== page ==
Collaborative Scene Perception with Multiple Sensing Modalities

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With the increasing reliance on autonomous systems, there is a critical need for robots to perceive the world at least as good as a human does. This requires being able to take advantage of all the sensing modalities that are available to the robot and fuse them together to come up with the best estimate about the state of the observable surrounding. However, even with the tremendous research in the field of robot perception, there is still a long way for robots to serve as reliable teammates for humans in the wild. This dissertation explores gaps in four key areas affiliated to collaborative perception: choosing an apt feature representation, active perception, shared autonomy, and perception-enabled planning. First, a human-subject study is presented that reveals the challenges associated with current fusion models in situations when there is a human in the loop. The study depicts the unreliability of certain feature representations due to human errors that needs to be accounted for in subsequent decision-making steps. To facilitate active perception, a multi-stage question-answering scheme is proposed that helps the robot to seek specific human input with the goal of maximizing situational awareness. The algorithm is implemented on a ground robot and tested in a crowded environmental setting, proving its robustness. To develop a shared understanding of the surrounding in a search and rescue (SaR) mission, a deep learning-based approach is presented that fuses information from the visual and language domain. The fused knowledge is used to intelligently plan paths for a team of heterogeneous agents, resulting in safer paths while maintaining performance in terms of time to locate the victim. The approach is tested on the gazebo simulation platform. Finally, to bridge the gap between simulation and reality, specifically in the context of SaR missions, a dataset is developed with photo-realistic online images. A Bayesian fusion framework is developed for assessing danger from photo-realistic images and human language input. An extensive simulation campaign reveals that a danger-aware planner achieves a higher mission success rate compared to a naive shortest path planner.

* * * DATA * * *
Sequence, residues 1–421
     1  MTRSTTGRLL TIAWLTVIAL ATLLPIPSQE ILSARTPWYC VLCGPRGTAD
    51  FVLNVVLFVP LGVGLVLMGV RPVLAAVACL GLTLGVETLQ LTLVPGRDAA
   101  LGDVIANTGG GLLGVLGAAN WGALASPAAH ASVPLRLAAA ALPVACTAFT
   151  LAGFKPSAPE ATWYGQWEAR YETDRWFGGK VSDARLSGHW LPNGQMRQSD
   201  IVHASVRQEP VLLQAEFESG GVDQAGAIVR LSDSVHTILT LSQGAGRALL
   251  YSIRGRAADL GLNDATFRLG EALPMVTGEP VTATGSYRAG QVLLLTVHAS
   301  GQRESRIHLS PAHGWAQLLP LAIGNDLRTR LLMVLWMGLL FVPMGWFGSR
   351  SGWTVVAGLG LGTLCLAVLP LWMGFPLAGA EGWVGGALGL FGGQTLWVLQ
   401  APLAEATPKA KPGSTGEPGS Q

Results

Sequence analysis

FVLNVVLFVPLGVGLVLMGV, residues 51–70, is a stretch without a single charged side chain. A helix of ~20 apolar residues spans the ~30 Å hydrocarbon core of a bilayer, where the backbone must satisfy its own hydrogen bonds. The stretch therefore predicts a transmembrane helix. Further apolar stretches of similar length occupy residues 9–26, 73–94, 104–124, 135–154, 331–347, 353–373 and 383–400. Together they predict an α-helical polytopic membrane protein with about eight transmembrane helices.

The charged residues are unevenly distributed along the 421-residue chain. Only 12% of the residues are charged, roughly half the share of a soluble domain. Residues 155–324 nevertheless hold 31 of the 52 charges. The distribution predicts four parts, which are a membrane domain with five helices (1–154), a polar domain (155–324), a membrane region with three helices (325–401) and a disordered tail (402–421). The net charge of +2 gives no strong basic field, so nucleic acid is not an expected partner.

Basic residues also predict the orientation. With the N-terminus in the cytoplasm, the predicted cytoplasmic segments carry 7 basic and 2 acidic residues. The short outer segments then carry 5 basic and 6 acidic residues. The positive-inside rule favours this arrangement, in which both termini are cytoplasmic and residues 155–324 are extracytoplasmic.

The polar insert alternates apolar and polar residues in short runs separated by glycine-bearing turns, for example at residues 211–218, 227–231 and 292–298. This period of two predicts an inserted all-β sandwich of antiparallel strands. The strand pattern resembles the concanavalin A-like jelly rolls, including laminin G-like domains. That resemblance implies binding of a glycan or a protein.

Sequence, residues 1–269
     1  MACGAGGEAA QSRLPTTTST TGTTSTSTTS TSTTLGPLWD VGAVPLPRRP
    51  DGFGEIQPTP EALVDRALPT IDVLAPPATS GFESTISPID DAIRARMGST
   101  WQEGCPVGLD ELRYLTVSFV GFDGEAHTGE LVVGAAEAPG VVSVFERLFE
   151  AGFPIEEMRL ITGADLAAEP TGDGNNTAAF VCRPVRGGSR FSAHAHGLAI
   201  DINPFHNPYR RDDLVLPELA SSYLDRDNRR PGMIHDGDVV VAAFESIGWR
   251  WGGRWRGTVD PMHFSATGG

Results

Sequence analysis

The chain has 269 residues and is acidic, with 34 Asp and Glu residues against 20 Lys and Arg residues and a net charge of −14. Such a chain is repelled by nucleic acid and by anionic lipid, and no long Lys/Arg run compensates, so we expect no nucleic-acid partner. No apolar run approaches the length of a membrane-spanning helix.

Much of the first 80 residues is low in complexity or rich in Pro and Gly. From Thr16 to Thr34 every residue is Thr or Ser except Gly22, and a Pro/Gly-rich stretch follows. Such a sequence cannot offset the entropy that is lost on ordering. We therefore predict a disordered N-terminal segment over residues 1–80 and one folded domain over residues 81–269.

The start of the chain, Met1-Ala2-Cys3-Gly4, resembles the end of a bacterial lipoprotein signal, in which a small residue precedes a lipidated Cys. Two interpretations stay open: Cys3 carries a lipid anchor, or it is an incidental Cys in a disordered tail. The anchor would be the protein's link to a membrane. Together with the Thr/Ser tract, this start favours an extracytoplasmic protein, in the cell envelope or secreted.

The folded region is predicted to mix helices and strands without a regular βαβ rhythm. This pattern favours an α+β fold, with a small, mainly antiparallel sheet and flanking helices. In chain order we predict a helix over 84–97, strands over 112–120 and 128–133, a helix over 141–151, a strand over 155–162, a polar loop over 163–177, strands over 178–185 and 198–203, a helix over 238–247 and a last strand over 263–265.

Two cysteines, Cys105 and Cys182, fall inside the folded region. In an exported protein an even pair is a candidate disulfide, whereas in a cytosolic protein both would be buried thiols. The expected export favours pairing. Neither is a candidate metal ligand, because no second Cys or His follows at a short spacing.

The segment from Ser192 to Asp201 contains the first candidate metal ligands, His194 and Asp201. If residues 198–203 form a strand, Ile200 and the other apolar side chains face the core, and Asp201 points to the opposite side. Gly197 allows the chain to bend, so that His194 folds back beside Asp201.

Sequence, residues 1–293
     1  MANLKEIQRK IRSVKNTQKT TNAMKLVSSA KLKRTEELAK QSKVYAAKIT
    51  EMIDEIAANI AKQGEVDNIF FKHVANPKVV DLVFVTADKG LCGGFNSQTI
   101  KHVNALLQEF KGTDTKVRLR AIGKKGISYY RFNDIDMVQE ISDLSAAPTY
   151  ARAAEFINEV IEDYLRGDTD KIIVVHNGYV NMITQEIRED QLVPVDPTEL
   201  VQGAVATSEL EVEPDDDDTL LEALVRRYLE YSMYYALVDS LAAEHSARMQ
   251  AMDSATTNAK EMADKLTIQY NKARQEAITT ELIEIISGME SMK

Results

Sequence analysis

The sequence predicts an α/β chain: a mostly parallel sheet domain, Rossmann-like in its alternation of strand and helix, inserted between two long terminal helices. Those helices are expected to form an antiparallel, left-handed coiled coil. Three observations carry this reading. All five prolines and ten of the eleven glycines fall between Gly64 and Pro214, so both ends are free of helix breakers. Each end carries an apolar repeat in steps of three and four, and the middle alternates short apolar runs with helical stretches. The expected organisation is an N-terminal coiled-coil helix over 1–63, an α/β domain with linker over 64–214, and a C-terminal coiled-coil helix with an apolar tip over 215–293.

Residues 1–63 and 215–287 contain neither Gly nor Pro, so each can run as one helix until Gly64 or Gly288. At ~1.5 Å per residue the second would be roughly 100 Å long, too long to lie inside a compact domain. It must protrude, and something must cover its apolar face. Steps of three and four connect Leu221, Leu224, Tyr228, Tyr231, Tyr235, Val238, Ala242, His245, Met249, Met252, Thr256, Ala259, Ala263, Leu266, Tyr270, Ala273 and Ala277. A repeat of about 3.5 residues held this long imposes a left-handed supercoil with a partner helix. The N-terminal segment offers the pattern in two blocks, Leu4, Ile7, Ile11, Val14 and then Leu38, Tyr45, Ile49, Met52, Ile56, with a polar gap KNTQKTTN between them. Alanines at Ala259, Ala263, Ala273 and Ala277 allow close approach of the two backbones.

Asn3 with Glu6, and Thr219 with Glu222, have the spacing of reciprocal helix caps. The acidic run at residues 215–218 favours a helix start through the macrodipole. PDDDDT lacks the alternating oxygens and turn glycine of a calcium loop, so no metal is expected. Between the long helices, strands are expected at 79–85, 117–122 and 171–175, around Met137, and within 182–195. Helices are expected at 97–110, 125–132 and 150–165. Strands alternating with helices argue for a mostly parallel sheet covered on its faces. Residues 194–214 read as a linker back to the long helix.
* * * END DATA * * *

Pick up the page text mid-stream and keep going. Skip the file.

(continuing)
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137 pages


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Human-robot interaction; Multi-modal perception; Search and rescue robots


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Union Local


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Committee Chair

Campbell, Mark

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Committee Member

Hariharan, Bharath
Ferrari, Silvia

Degree Discipline

Mechanical Engineering

Degree Name

Ph. D., Mechanical Engineering

Degree Level

Doctor of Philosophy

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Government Document




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Attribution 4.0 International


dissertation or thesis

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